DMD is a fatal genetic disease that leads to muscle weakness and wasting, resulting in breathing or heart failure usually before the age of 30 in humans. The researchers at the University of Texas' Southwestern Medical Centre and Royal Veterinary College in London delivered CRISPR/Cas9 apparatus to the muscle cells of four dogs using a modified virus.
The DNA of muscle cells was edited to repair a mutation in the DMD gene, which codes for dystrophin, a protein vital for muscle function. The particular mutation targeted in this study affects about 13 percent of patients with DMD.
'I feel this procedure is extremely promising based on our preliminary findings, but more work is needed to ensure safety,' said Professor Eric Olson, who led the research team at the University of Texas.
As this was the first study of its kind in larger mammals, the researchers used a small number of animals – four dogs unable to make dystrophin – for a proof-of-concept study. Two of the dogs received an injection directly into a muscle in one of their back legs. Their levels of the dystrophin protein in the skeletal muscles (those used for locomotion) were measured six weeks later. In dogs that had the treatment, dystrophin levels were boosted to almost 60 percent of normal levels.
Then, another two dogs were given the treatment in an intravenous injection and measured after eight weeks. These dogs had very variable levels of dystrophin, from 3 percent to 90 percent of normal in their skeletal muscles. The intravenous injection also boosted dystrophin levels to 58 percent in the diaphragm and 92 percent in the heart muscles.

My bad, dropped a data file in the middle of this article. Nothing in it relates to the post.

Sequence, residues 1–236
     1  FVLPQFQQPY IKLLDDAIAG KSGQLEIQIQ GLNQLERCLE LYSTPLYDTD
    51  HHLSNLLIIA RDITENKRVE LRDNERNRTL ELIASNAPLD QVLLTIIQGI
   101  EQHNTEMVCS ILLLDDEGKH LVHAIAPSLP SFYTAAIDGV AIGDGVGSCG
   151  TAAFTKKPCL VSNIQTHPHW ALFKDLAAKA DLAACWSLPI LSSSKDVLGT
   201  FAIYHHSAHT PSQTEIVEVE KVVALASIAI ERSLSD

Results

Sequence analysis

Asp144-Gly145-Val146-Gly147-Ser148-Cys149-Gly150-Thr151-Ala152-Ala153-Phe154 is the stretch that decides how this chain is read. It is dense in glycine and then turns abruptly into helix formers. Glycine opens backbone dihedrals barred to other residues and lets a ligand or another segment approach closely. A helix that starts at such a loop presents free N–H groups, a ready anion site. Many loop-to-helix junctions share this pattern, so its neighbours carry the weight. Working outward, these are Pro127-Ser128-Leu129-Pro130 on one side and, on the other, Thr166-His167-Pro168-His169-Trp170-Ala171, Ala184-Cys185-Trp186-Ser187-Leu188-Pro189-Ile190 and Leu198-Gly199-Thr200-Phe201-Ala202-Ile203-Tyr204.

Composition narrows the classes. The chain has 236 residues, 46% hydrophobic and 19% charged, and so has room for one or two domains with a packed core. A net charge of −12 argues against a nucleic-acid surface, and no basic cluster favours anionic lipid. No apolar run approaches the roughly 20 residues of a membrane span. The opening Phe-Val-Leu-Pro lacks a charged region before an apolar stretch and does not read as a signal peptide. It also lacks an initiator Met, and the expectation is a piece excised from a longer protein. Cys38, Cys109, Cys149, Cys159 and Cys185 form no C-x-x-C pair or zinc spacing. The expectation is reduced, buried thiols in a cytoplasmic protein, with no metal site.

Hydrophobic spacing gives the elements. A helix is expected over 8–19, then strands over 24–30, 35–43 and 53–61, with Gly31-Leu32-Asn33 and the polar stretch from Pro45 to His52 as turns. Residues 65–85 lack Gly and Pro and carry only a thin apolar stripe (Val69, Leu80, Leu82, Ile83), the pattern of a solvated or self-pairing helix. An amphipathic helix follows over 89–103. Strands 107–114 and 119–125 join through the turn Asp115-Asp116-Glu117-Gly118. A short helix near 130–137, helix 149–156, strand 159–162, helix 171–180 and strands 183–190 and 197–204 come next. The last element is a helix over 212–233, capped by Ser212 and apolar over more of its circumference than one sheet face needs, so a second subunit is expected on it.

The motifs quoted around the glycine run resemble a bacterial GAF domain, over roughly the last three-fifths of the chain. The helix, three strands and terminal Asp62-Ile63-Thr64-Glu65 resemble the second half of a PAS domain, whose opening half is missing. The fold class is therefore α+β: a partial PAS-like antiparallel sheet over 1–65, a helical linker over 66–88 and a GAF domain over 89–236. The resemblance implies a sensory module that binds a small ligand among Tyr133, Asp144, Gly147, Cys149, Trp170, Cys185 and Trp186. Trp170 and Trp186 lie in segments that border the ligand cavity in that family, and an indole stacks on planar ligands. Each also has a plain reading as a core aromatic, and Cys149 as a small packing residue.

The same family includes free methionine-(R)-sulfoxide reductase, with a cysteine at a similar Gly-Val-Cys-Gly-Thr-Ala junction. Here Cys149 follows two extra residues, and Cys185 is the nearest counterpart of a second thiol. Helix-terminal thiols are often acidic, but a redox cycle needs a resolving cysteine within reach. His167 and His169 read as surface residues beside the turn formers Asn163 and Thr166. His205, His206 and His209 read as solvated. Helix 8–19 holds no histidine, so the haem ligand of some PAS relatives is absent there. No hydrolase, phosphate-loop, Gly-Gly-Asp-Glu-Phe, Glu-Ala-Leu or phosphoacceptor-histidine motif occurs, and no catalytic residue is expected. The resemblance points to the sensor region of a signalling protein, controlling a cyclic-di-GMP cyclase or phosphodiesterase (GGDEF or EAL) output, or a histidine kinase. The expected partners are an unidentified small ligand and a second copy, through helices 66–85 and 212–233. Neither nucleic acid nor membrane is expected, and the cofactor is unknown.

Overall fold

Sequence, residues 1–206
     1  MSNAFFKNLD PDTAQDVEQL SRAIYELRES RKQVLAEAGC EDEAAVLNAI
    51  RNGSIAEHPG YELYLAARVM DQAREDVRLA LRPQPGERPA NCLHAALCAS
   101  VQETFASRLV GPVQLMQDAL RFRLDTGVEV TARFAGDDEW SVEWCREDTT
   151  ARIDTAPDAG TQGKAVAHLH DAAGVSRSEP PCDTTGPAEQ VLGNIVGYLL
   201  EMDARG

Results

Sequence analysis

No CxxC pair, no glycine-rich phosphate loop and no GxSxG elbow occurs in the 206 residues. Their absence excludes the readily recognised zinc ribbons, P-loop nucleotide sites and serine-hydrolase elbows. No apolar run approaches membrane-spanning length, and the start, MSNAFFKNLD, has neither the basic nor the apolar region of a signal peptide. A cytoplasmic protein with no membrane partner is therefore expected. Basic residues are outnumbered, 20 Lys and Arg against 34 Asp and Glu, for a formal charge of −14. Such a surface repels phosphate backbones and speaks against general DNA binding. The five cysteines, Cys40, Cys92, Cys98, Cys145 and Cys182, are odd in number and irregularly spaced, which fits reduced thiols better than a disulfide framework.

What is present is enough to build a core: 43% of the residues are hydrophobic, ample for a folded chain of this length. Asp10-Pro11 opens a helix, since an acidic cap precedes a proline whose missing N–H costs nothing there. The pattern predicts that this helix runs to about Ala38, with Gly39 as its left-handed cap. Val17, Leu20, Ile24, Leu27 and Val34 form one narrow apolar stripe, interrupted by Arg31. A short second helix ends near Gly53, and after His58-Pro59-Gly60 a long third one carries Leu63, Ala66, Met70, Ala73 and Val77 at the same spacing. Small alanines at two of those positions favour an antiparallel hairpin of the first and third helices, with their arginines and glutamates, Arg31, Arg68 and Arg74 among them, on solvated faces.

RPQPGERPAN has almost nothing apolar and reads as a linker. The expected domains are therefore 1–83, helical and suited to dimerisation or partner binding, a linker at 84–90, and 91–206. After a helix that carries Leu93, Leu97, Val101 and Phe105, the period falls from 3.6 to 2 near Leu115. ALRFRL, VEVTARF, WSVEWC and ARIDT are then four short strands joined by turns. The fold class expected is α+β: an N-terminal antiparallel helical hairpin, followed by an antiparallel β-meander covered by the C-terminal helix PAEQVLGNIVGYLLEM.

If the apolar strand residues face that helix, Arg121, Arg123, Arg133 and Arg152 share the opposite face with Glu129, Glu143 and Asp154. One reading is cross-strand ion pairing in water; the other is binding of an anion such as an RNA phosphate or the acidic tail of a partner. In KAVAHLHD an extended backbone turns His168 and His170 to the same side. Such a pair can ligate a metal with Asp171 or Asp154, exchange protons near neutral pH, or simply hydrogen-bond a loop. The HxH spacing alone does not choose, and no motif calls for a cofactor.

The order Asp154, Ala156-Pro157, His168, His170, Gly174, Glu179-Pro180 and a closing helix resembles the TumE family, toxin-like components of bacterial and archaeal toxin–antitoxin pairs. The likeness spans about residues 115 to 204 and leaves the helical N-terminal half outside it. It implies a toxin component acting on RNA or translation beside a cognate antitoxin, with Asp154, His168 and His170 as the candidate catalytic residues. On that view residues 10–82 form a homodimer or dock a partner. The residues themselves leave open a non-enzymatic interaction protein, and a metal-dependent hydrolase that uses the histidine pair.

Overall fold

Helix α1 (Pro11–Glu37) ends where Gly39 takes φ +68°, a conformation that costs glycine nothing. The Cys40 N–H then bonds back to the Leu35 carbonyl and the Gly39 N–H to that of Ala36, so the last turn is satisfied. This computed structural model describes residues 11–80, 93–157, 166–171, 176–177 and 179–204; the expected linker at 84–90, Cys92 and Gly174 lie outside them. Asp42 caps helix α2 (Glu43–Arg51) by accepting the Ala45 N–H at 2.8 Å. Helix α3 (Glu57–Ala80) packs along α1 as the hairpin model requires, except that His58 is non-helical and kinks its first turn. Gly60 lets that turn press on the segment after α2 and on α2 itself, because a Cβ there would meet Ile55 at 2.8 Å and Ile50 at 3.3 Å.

Professor Richard Piercy, a comparative neuromuscular disease researcher at the Royal Veterinary College, said: 'The ambition is to show that this is safe and effective in dogs and then move into human trials. If that works, then the treatment could also apply to pet dogs that we see in our clinics – and that's what we hope for here at the college, as it's our goal to make animals better.'
The study focused on one mutation in particular, but there are hopes that the technique can be used for different forms of DMD.
The researchers are now planning to conduct a longer study with more animals to assess the safety and effectiveness of the treatment. If those are successful, clinical trials in humans could pave the path towards a cure for DMD in the future.
However, noting the limitations of the small study, Dr Kate Adcock, director of research and innovation at Muscular Dystrophy UK, said: 'Although it seems to have largely boosted dystrophin production, which is key to tackling this condition, the team weren't looking to record improvements in function. This won't be a cure, but that shouldn't obscure that this is a key step forward in proving the CRISPR-Cas9 technology could work for [DMD].'